When treating the flu, few options available
Monday, December 8th 2003, 12:00 am
News On 6
WASHINGTON (AP) _ The choices are few when it comes to the flu: Try to get the vaccine or, if sick, head to the doctor's office.
Treatment often means easing the symptoms while the body mounts its own defense. Most cases of influenza clear up without treatment. But in thousands of cases annually, especially among the elderly, it can be deadly.
That's why health experts conduct vigorous campaigns for people to get vaccinated annually.
The flu season usually lasts from October to May with peaks in December and January. This year, it got an early start with cases reported in September. In a typical year, 36,000 Americans die from the virus, and researchers worry the toll will be even higher this year.
With fear escalating, people have rushed to be vaccinated, causing shortages of the vaccine in some areas. The country's two manufacturers say they have run out of supplies. The makers of FluMist, a more expensive inhaled version of the vaccine, remains widely available, said Jamie Lacey, spokeswoman for the manufacturer, MedImmune Vaccines.
For those who do get the flu, doctors no longer recommend carrying camphor or eating cucumbers, as some did in years past. But other traditional palliatives _ chicken soup for example _ remain popular.
Antiviral medications are available for flu, but their effect is only modest, said Dr. Debra Birnkrant, head of antivirals for the Food and Drug Administration.
There are four drugs on the market to combat flu, but they are only moderately helpful, she said. Birnkrant said even the most effective must be taken within 48 hours of the onset of symptoms, and then the medication shortens the illness' duration only by a day or so.
Tamiflu and Relenza are the brand names of the two most recently approved antiviral drugs for flu, both directed at flu types A and B. The FDA says that Tamiflu can prevent flu if taken beforehand.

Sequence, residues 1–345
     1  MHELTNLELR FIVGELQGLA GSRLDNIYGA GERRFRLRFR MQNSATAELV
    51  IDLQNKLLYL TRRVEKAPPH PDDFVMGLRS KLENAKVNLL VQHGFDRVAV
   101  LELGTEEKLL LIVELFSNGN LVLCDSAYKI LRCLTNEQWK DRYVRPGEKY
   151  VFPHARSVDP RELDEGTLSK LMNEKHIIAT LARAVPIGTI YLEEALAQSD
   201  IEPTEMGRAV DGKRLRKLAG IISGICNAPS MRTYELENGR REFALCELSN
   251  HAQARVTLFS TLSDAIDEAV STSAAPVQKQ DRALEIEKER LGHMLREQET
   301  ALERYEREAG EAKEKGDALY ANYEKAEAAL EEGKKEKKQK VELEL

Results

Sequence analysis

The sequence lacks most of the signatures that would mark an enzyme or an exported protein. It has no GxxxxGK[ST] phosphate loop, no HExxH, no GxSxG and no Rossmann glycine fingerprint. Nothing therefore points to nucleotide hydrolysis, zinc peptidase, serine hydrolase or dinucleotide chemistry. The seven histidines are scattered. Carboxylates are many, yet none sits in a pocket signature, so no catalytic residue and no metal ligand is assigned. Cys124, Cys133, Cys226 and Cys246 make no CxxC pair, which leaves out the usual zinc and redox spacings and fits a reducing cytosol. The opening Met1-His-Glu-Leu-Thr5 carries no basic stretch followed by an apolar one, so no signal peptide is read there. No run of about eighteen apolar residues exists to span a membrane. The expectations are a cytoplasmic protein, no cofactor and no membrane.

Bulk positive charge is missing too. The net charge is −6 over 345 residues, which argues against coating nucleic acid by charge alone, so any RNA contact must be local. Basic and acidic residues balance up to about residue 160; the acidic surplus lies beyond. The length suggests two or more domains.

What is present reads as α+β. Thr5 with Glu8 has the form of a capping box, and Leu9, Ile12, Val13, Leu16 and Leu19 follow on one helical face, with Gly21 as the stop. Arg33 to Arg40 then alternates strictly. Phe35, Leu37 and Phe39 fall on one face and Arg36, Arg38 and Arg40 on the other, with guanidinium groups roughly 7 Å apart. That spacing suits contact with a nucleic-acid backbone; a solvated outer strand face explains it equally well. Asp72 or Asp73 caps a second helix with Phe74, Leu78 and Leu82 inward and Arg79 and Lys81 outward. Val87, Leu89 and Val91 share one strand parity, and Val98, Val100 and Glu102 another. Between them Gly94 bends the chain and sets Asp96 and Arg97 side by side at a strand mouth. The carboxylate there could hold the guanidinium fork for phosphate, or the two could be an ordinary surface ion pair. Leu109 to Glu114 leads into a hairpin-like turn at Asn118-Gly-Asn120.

Tamiflu also can reduce the chances of complications in persons with the flu, but the drug is underused, contended Dr. Frederick G. Hayden of the University of Virginia.
Hayden, who has served as a consultant to antiviral drug makers, said the product can reduce the chance of lower respiratory infections.
Two older drugs also are on the market, Symmetrel and Flumadine, both of which are directed only at type A flu.
Beyond that, over-the-counter medications including pain relievers, decongestants and antihistamines, can ease symptoms, although they do not treat the virus.
Dr. Norman H. Edelman of the American Lung Association said his group focuses on getting vaccines because they are highly effective and even partial protection can make a big difference.
With the emphasis on vaccines, there has been little pressure toward the development of new antiviral drugs, experts said.
Hayden said the underuse of the currently available drugs reduces the incentive for the pharmaceutical industry to develop new ones to fight the flu, colds and other viruses.
A few potential drugs are being tested in animals but nothing close to being in clinical trials in people, Hayden said.
Researchers at Imperial College in London, for example, are testing a strategy for battling flu by adjusting the body's sometimes exaggerated immune response to the virus. So far, their work is limited to mice.